The American Association of Colleges of Nursing released new data that shows enrollment in baccalaureate, master’s and doctoral nursing programs increased last year, with the greatest gains being in baccalaureate degree-completion programs and the practice-focused doctorate. Data from AACN’s fall 2014 survey of baccalaureate and graduate nursing programs found enrollment growth across the board, including a 4.2% increase in students in entry-level baccalaureate programs and a 10.4% increase in RN-to-BSN programs for RNs looking to build on their initial education at the associate degree or diploma level.
“AACN applauds the nation’s nursing schools for their efforts to expand student capacity as momentum for advancing the education level of the nursing workforce continues to accelerate,” AACN President Eileen T. Breslin, PhD, RN, FAAN, said in a news release. “We strongly believe that encouraging all nurses to continue their education is in the best interest of patients and the communities we serve.”
AACN, the Tri-Council for Nursing and other authorities are united in their view that a more highly educated nursing workforce is critical to meeting the nation’s healthcare needs and delivering safe patient care, according to the release, which is consistent with the Institute of Medicine’s Future of Nursing report recommendations to increase to 80% the RN workforce at the baccalaureate level and to double the number of nurses with doctorates by 2020.
“This tremendous increase in RN-to-BSN education comes at a critical time in healthcare reform when more baccalaureate-prepared nurses are needed to fill critical roles across the continuum of care, especially outside of hospital walls,” Pamela Austin Thompson, MS, RN, CENP, FAAN, National Director for the Robert Wood Johnson Foundation’s Academic Progression in Nursing program, said in the release. “Certainly, the market for the BSN nurse has been stimulated by demand from employers who recognize the important role baccalaureate nurses play in achieving both individual and population health outcomes.”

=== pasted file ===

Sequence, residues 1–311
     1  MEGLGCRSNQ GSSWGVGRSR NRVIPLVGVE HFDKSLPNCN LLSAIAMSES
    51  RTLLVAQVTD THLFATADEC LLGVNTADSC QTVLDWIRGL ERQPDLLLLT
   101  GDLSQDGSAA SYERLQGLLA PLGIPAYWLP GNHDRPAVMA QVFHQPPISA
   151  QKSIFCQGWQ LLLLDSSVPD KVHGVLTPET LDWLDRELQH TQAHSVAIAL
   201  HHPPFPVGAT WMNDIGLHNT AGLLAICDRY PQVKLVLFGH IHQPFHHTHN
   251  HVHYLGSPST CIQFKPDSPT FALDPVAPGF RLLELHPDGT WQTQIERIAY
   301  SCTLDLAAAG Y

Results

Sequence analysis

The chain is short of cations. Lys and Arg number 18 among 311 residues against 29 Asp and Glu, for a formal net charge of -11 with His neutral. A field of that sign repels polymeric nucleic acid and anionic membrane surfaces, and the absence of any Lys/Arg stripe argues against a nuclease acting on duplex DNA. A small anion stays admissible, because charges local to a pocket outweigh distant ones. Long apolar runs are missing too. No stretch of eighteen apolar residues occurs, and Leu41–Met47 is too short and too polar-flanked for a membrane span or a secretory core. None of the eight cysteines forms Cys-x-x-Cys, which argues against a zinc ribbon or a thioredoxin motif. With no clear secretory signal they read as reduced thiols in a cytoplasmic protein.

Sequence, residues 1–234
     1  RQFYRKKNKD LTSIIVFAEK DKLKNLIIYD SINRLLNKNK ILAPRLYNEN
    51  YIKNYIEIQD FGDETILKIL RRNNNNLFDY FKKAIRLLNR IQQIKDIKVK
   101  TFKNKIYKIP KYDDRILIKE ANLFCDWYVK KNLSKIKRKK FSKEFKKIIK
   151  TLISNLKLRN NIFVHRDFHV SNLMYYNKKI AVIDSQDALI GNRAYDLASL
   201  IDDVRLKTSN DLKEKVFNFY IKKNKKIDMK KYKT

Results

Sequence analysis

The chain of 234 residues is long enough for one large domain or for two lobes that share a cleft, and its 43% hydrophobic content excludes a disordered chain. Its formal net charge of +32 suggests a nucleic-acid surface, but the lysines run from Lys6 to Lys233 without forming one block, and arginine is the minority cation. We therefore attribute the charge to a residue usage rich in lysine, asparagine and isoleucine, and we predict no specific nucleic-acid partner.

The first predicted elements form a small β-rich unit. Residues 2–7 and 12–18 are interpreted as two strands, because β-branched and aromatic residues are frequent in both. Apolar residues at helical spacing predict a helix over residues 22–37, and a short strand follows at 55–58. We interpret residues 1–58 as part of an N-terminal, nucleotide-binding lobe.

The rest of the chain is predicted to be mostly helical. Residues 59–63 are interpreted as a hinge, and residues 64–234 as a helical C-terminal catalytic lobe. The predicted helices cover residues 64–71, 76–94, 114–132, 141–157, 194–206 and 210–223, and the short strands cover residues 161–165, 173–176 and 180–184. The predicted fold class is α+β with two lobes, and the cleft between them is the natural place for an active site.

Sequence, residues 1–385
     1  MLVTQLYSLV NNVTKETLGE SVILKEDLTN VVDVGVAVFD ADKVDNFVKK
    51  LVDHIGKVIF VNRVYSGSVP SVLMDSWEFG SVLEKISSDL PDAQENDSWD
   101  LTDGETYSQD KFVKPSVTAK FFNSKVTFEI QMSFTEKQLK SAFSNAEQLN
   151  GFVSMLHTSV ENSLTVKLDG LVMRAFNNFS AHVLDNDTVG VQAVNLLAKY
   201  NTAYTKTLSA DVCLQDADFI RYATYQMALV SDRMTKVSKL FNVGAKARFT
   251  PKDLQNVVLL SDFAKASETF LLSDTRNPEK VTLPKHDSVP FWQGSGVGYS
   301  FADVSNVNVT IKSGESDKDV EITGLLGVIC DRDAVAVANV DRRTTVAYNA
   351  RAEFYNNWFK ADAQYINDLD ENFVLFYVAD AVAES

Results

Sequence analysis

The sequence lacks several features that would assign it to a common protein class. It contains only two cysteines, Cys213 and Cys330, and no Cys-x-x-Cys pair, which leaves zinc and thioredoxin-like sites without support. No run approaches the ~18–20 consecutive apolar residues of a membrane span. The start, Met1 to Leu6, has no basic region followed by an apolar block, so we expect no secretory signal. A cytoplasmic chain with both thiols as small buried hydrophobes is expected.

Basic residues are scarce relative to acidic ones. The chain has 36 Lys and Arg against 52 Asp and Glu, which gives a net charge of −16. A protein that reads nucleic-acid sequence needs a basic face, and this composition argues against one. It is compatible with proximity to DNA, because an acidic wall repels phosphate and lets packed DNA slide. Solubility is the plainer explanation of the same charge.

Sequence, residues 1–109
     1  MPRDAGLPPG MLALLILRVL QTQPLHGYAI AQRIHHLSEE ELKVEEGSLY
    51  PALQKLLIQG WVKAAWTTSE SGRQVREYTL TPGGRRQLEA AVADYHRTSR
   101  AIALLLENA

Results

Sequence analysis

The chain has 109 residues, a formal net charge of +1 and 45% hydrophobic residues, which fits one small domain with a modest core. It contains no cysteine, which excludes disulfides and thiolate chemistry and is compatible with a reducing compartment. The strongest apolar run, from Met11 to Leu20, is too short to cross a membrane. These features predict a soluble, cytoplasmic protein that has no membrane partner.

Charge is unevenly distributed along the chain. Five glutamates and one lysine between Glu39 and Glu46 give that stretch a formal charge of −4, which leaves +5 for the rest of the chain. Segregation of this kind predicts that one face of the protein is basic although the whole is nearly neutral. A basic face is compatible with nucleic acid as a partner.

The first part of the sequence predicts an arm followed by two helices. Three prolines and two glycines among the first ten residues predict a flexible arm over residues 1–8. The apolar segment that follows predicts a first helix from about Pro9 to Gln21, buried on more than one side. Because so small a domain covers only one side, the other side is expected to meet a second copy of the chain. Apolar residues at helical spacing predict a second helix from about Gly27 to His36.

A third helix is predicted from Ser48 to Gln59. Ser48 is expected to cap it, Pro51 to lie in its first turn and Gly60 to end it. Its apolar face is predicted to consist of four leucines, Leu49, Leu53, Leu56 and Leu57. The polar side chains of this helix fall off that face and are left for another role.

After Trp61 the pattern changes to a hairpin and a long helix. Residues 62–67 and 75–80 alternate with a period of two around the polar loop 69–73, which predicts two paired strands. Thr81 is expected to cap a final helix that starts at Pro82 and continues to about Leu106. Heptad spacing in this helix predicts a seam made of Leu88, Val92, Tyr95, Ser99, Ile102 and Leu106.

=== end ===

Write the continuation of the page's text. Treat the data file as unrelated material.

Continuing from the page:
In graduate schools, student enrollment increased by 6.6% in master’s programs and by 3.2% and 26.2% in research-focused and practice-focused doctoral programs, respectively. “Strengthening the pipeline of nurses entering both research- and practice-focused doctoral programs is critical to meeting the nation’s growing demand for nurse scientists, faculty, expert clinicians, leaders, and innovators,” Susan B. Hassmiller, PhD, RN, FAAN, senior adviser for nursing with RWJF, said in the release.
AACN’s special survey on the Employment of New Nurse Graduates conducted last fall found 79.6% of employers require or express a strong preference for nurses with a baccalaureate degree. “Having a robust supply of nurses with advanced education is important to ensuring that nurses are recognized as full partners in transforming healthcare, shaping public policy and teaching the next generation of nurses,” Darlene Curley, MS, RN, FAAN, Executive Director of the Jonas Center for Nursing and Veterans Healthcare, said in the release.
For more survey findings, visit www.aacn.nche.edu/leading_initiatives_news/news/2014/employment14.